January 12, 2018: Daniels (or Maybe Cohen) Denies Affair
Cohen also emailed a two-paragraph statement, which was ostensibly from Daniels. It said she was denying any “sexual and/or romantic affair” with Trump, and, “Rumors that I have received hush money from Donald Trump are completely false.”

January 30, 2018: Daniels (or Cohen) Issues Another Denial 
Cohen released a statement signed by Daniels in which she denied the affair. “My involvement with Donald Trump was limited to a few public appearances and nothing more,” it said. “When I met Donald Trump, he was gracious, professional and a complete gentleman to me and EVERYONE in my presence.

January 30, 2018, and March 25, 2018: Daniels Denies Her Denials
During an appearance on Jimmy Kimmel Live! later that night, Daniels saidthat she didn’t know where the letter came from. Months later she toldAnderson Cooper that the statements released by Cohen were both untrue, and she only signed them “because they made it sound like I had no choice.

In response to a complaint filed with the Federal Election Commission alleging that the $130,000 payment violated campaign-finance laws, Cohen told the New York Times he paid her out of his own pocket. He would not say why or what Trump knew about it.“Neither the Trump Organization nor the Trump campaign was a party to the transaction with Ms. Clifford, and neither reimbursed me for the payment, either directly or indirectly,” Cohen said. “The payment to Ms. Clifford was lawful, and was not a campaign contribution or a campaign expenditure by anyone.”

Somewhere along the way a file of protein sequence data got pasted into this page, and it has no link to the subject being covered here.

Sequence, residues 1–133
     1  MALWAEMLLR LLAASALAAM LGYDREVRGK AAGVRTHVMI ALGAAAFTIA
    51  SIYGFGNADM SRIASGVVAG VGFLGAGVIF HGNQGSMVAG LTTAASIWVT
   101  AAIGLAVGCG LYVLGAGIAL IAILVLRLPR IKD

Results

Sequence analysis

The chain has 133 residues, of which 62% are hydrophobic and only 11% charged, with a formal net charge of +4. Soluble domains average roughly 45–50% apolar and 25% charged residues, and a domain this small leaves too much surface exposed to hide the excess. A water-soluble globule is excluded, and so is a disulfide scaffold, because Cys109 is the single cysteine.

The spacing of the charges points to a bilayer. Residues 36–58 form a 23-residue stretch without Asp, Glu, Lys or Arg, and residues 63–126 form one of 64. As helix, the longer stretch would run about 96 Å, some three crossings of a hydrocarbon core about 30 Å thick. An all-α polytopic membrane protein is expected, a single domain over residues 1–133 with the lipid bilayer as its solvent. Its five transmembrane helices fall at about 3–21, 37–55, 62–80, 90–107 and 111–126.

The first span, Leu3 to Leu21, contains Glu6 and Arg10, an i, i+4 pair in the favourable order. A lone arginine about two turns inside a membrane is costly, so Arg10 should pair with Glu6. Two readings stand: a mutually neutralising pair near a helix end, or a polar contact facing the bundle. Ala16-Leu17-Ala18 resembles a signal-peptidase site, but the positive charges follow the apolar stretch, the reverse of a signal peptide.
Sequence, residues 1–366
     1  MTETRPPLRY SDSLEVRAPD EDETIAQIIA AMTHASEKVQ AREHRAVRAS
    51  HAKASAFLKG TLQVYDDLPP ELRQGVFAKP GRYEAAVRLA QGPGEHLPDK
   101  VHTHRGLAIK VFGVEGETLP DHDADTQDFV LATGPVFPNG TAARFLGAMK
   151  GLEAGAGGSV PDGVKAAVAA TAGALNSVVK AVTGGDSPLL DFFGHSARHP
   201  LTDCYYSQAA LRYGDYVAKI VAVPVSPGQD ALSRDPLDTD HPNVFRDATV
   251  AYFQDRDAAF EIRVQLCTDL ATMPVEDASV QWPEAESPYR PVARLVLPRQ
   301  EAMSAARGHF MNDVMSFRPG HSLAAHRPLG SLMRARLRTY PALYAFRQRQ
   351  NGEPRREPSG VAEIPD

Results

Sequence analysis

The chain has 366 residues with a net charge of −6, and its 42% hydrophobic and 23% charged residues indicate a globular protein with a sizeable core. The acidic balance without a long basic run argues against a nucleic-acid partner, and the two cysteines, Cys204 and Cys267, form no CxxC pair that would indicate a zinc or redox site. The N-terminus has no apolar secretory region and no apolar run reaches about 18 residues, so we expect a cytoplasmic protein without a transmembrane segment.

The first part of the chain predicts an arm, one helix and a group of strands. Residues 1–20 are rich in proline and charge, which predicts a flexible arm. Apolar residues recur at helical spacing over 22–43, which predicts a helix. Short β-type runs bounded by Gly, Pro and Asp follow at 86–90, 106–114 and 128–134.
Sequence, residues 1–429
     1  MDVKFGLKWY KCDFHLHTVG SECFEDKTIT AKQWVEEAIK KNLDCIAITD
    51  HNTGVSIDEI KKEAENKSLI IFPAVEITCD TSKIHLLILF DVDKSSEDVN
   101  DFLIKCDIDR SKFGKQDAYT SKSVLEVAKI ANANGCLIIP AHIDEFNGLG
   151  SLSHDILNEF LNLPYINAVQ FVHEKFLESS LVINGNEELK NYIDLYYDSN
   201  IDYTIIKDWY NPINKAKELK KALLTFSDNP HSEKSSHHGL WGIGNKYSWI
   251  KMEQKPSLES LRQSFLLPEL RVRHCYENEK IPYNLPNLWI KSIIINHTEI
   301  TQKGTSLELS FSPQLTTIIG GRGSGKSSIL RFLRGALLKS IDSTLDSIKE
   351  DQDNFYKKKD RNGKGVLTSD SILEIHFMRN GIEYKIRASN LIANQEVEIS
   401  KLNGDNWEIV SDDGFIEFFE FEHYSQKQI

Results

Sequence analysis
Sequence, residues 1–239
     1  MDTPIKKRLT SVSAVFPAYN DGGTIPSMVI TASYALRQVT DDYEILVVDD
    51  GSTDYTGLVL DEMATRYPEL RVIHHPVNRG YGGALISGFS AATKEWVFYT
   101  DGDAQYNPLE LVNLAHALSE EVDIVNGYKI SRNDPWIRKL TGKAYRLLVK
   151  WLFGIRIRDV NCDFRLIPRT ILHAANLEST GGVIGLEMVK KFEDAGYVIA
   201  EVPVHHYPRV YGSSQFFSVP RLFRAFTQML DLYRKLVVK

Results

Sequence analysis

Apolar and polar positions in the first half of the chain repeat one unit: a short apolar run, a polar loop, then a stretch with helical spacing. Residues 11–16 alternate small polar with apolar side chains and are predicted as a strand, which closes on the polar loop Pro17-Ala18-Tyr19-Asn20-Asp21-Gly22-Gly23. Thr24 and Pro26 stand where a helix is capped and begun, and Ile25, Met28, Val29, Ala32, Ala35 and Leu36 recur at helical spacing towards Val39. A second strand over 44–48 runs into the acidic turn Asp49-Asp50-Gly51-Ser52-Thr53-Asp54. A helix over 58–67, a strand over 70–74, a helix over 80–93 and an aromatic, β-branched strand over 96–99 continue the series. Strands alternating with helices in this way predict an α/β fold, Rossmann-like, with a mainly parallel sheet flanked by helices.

February 14, 2018, and March 19, 2018: Cohen Says Trump Never Paid Him Back
In two interviews with Vanity Fair, Cohen reiterated that the $130,000 came from his own bank account, and Trump did not reimburse him.

May 3, 2018: Giuliani Elaborates on Trump’s Payment Plan
Following the uproar caused by his Fox News interview, Giuliani told several outlets that Trump knew that he planned to disclose the reimbursement, and offered more detail. He told the New York Times that Trump was unaware of the deal when Cohen set up the hush agreement, but later he decided to pay him back:

“Some time after the campaign is over, they set up a reimbursement, $35,000 a month, out of his personal family account,” Mr. Giuliani said. He added that over all, Mr. Cohen was paid $460,000 or $470,000 from Mr. Trump through those payments, which also included money for “incidental expenses” that he had incurred on Mr. Trump’s behalf.

“That removes the campaign finance violation, and we have all the documentary proof for it,” Giuliani added.